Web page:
A Brexit could spark a sharp fall in house prices over the next two years, according to a survey undertaken by Property Week.
The snap poll of 65 readers found that 53% expect house prices in the UK to either remain flat or decline over the next two years if the UK opts to leave the EU in next week’s referendum – and the figure for London is higher still at 58%.
Of those who think that Brexit will lead to a fall in prices, an overwhelming majority (77%) think prices in the UK could drop by between zero and 10% over the next two years.
Almost one in five (19%) believe the fall could be between 10% and 20%, and 5% think prices could plummet by more than 20%.
In London, there was a sense the impact could be more severe: 61% expected a fall of up to 10%; 27% said the drop would be between 10%-20%; and 13% said there could be a correction of more than 20%.
The findings support those of the Treasury, which earlier this month warned of an immediate economic “shock” if the UK opted to leave the EU.
It said that house prices would drop by at least 10% and up to 18% over the next two years compared with what was expected if Britain chose to remain in the EU.
This claim has been dismissed as scaremongering by the Leave campaign, while others argue that a fall in prices may be no bad thing as it would help those who are priced out of the housing market to get on the property ladder.
Over a third of respondents (36%) said that Brexit would have no impact on house prices in the UK – but this figure fell to 18% when considering the London market.
However, others had a far more bleak prognosis should the Leave camp win. “Brexit will be devastating for much of the UK residential market,” said one respondent.
“It won’t kill it altogether but it will dramatically slow the progress made since 2008, and foreign capital will be reduced to near zero for a number of years. [It’s] not worth the risk.”
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London’s prime residential market was singled out by nearly half of respondents (44%) as most vulnerable to the impact of Brexit, reflecting the view, shared by 62% of respondents, that the uncertainty generated by a vote to leave the EU would see a fall in inward investment.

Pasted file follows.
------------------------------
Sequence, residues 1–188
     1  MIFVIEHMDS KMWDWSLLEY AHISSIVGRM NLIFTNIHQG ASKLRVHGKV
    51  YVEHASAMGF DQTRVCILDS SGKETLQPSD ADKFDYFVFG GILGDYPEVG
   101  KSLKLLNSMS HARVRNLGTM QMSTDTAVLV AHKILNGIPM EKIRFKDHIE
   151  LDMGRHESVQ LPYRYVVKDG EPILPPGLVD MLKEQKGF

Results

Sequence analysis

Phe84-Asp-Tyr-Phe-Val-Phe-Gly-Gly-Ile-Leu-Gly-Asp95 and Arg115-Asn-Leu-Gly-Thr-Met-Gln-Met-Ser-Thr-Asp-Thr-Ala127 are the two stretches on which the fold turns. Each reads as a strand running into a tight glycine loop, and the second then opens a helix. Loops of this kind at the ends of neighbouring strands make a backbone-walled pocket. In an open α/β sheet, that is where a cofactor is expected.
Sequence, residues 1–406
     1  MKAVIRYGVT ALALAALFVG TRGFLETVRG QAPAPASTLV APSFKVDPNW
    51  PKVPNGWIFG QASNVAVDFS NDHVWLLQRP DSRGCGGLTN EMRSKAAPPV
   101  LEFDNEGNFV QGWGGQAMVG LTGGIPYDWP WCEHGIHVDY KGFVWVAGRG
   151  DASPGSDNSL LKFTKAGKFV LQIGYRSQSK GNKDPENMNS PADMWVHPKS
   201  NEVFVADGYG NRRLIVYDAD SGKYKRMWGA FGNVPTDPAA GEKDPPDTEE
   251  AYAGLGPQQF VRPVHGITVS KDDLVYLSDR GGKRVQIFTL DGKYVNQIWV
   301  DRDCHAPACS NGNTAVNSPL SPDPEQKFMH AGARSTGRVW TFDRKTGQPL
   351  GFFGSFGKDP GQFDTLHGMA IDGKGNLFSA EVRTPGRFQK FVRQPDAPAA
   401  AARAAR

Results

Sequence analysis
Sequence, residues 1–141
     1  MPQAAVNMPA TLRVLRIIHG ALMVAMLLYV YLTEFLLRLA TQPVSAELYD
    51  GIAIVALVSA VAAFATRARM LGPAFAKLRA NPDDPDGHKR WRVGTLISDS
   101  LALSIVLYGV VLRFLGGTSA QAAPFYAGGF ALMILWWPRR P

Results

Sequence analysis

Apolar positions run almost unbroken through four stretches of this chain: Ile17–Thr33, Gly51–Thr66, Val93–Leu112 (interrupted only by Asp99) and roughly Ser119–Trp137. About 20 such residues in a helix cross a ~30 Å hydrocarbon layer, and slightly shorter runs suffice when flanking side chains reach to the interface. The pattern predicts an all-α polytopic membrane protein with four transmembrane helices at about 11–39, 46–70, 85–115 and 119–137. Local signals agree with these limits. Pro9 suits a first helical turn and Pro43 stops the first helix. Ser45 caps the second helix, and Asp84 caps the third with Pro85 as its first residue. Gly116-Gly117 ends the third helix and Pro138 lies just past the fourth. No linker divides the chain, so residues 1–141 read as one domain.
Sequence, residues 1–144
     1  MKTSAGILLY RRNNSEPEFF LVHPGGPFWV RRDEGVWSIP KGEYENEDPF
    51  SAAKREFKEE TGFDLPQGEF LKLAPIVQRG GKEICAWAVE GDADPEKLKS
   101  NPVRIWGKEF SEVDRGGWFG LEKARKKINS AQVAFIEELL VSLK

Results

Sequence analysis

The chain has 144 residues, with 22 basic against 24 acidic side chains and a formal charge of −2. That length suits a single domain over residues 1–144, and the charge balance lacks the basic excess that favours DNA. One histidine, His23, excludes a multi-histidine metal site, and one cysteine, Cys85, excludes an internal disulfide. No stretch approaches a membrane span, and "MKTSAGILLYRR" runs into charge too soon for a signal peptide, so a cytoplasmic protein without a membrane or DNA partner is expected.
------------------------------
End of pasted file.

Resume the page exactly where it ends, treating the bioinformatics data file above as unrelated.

“Brexit will mostly impact prime central London, which is dependent on foreign investment,” said one respondent.
Affordable housing supply – which falls if overall levels of development drop, and is contingent on government funding – was considered the next most vulnerable segment of the housing market.
However, while others agreed there would be an impact they felt it would only be short term.
“There is an acute shortage of good homes in the top cities in the UK,” one respondent said. “There might be a temporary blip in demand, but Brexit wouldn’t stop the residential growth when the underlying fundamentals are so strong.
“Super-prime residential in London will be affected, but the middle-income private rented sector (PRS) will not be too affected. For long-term investors, I think PRS will be very interesting.”
Others were even more sanguine, arguing that a fall in the pound could actually help boost foreign investment into the residential market due to the improved exchange rates.
“Property prices and exports would be supported by a weaker pound as they were in 2011 to 2012, when we saw unprecedented European demand for property in England because of a weak pound against the euro,” said one respondent.
“We would also be seen as a safe haven in a eurozone on the point of breaking up. Demand for property would be stronger than it is now, from both France and Italy especially.”
The survey revealed a split on the question of whether Brexit could lead to a rise in interest rates – 50% said rates would not increase, compared with 41% who thought they would.
With a series of polls in recent weeks putting the Leave campaign ahead – and bookies’ odds on Brexit narrowing – 34% of respondents thought Leave would win next week’s referendum, while 19% said the vote was too close to call.
However, nearly half (48%) said they expected Remain to carry the day, suggesting scepticism about the accuracy of the opinion polls.